High Intensity Training (HIIT) is top notch for fat loss, there’s no doubt about that.
First off, The Afterburn Effect is real (it’s part of your daily recovery), but if you’ve ever heard any these myths about The Afterburn Effect, you may have been lied to.
Is it as effective as some claim? Lets talk about it.
It’s not uncommon to hear people blaring on about “burning fat on autopilot for 36 hours” as a result of doing a 20 minute session at home with no equipment.
Pick up any fitness DVD and you’ll see claims of how this crucial training ingredient is the missing link between a regular body and a ripped, lean body.
But the reality of The Afterburn Effect is far different then some sales people will lead to believe.
In fact, it may not even be close.
—> The reason it’s hyped into oblivion is because it has become a sales gimmick.
I’ve seen tons of people greatly exaggerate the EPOC phenomenon and use it as a marketing tool, without any research to back up their claims.
Heck, these are just a few statements I’ve seen over the years:
“You will become a fat incinerating machine for 36 hours following every workout!”
“Our fitness class will boost your after burn effect x5 over any other class!”
“For every 1000 calories you burn with this workout, you’ll go on to burn an additional 500 calories after the session!”
Let’s take a moment to slam our heads on the desk before moving on.
There is a possibility that they are lying to you (if they know it or not).
–> “You will become a fat incinerating machine for 36 hours following every workout!”
So if I do three workouts in three days, I’ve already added three 36 hour bouts of pure fat burning, right?
So can I take the week off?
That would have unlocked the miracle fat burning system that genuinely allows people to lose weight by doing barely any exercise and not even talking diet.
After a very hard High Intensity Training Session, The Afterburn Effect can last for up to 14 hours maybe (it’s pretty much the time after your workout where your body is recovering).
Not 24. Not 36. Not 48.
And sure, you can find research to support anything you want to (search McDonalds is healthier than) but this comes back to common sense.
–> “Our fitness class will boost your afterburn effect x5 over any other class!”
This one could be more pure marketing hype?
They are merely trying to say our class is better than their class. And there’s nothing wrong with more people offering a service to help people accomplish their goals (since as a whole, us fitness professionals are failing, we need all the help we can get), but it shouldn’t be done by confusing the market with more fancy marketing terms…..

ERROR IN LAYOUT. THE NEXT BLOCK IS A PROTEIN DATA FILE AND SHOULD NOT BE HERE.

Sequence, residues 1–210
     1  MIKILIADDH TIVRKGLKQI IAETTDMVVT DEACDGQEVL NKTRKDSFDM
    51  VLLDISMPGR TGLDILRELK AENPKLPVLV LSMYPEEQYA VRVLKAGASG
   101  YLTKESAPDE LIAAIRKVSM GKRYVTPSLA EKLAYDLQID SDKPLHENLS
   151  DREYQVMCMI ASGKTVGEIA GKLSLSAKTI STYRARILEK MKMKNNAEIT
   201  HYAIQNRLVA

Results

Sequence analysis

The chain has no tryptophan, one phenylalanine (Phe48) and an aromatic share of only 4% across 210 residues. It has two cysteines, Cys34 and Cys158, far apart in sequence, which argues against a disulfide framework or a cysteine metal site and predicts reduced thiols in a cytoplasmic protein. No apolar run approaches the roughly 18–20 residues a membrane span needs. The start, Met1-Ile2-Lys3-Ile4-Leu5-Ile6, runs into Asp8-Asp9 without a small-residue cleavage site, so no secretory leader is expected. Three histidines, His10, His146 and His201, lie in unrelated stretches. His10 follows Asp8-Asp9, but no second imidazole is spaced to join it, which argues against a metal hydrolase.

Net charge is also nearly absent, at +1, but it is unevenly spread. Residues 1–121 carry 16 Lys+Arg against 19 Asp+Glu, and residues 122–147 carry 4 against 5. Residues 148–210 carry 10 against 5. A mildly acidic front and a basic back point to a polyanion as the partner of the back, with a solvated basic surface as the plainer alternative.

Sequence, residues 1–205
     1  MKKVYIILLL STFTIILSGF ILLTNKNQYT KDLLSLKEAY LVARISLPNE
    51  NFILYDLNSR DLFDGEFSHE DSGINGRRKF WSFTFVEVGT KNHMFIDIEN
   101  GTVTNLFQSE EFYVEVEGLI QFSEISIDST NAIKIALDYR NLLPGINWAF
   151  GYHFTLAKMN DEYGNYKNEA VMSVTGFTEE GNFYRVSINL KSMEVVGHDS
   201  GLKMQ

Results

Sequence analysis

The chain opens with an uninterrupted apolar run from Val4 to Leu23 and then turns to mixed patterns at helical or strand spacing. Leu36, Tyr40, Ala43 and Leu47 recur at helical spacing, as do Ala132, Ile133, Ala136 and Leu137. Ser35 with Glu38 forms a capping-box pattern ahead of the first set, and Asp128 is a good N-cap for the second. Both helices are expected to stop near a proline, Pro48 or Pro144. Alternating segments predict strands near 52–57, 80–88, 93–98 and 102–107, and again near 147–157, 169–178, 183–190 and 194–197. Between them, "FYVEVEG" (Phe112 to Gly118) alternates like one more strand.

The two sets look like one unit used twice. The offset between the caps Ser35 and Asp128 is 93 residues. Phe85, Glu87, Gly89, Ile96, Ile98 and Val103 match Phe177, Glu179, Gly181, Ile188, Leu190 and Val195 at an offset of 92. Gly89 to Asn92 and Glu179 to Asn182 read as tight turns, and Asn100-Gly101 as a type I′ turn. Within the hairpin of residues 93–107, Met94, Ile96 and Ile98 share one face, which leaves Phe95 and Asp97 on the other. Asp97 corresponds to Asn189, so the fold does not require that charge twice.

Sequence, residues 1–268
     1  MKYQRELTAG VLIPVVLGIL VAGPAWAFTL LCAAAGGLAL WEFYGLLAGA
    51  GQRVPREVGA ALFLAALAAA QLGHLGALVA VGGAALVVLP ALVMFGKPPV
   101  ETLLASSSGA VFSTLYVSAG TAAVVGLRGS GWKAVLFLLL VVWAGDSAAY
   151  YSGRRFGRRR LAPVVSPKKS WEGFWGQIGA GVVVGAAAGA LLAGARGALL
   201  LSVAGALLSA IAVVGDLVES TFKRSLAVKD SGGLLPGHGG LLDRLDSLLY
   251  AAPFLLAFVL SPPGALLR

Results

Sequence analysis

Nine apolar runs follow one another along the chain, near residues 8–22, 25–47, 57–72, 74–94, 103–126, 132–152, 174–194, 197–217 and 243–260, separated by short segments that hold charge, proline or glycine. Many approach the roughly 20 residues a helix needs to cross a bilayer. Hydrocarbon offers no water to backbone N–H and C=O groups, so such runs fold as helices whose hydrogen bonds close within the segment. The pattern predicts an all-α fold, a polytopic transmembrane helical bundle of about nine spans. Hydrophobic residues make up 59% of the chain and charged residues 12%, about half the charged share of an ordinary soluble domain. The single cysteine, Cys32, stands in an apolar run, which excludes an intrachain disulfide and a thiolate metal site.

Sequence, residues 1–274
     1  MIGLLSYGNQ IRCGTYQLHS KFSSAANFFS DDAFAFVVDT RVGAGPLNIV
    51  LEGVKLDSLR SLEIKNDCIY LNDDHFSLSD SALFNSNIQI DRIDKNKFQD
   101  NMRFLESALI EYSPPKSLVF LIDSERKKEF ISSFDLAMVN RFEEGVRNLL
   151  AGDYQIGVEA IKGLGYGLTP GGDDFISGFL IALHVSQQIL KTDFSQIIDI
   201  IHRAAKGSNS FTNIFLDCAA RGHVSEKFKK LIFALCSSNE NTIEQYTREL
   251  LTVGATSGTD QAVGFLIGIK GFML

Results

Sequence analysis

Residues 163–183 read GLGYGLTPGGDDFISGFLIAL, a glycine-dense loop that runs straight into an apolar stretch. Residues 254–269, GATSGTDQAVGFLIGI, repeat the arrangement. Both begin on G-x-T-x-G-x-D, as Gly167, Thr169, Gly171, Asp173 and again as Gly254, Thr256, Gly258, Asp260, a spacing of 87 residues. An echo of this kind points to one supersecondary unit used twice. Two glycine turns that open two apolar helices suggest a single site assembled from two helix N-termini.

It doesn’t matter where you do it.
It doesn’t matter what equipment you use to do it.
It doesn’t matter whose name is on the door of the building.
Providing you are Training to you Maximum effort , you will see results.
–> “For every 1000 calories you burn with this workout, you’ll go on to burn an additional 500 calories after the session (you are going to burn calories no matter what by being alive)!”
This is not so much marketing hype.
Maybe just a totally incorrect statement?
That would give you a 50% rate of EPOC – a figure unheard of in any study on high intensity interval training. Ever.
In fact, review studies covering the full body of research on High Intensity Training report The Afterburn Effect to typically fall between a 6% – 15% increase in EPOC.
Quite frankly, if you burned as many calories as some of these people were suggesting, you’d prob be dead.
——-> How To Maximize The After burn Effect <——–
The afterburn effect is 100% real.
And it sure is useful.
But it is not, and never will be, the missing link between doing 20 minutes of exercise per day and getting ripped.
It’s not the “secret fat loss formula” that many make it out to be.
If you are Training Hard – whether it is outside, in a gym, or at home – you still need to Train Hard and you still need to Keep Your Food Tight in order to Lose Fat.
That said, those 6% – 15% boosts in fat burning activity following each session might not sound like much after they were previously hyped as 50% spikes, but they sure do add up over the course of a couple of solid months of consistent training!
Instead of the quick fix it’s often billed as, The Afterburn Effect should be a long-term concept.
And the stronger you become over time, the faster your metabolism will be in general and the more fat you will burn as a result
What can we take away from this?–> The harder you train (to your Max, not what the treadmill says, but what your body tells you), the better your fat loss will be in the long term.
Committed to your success,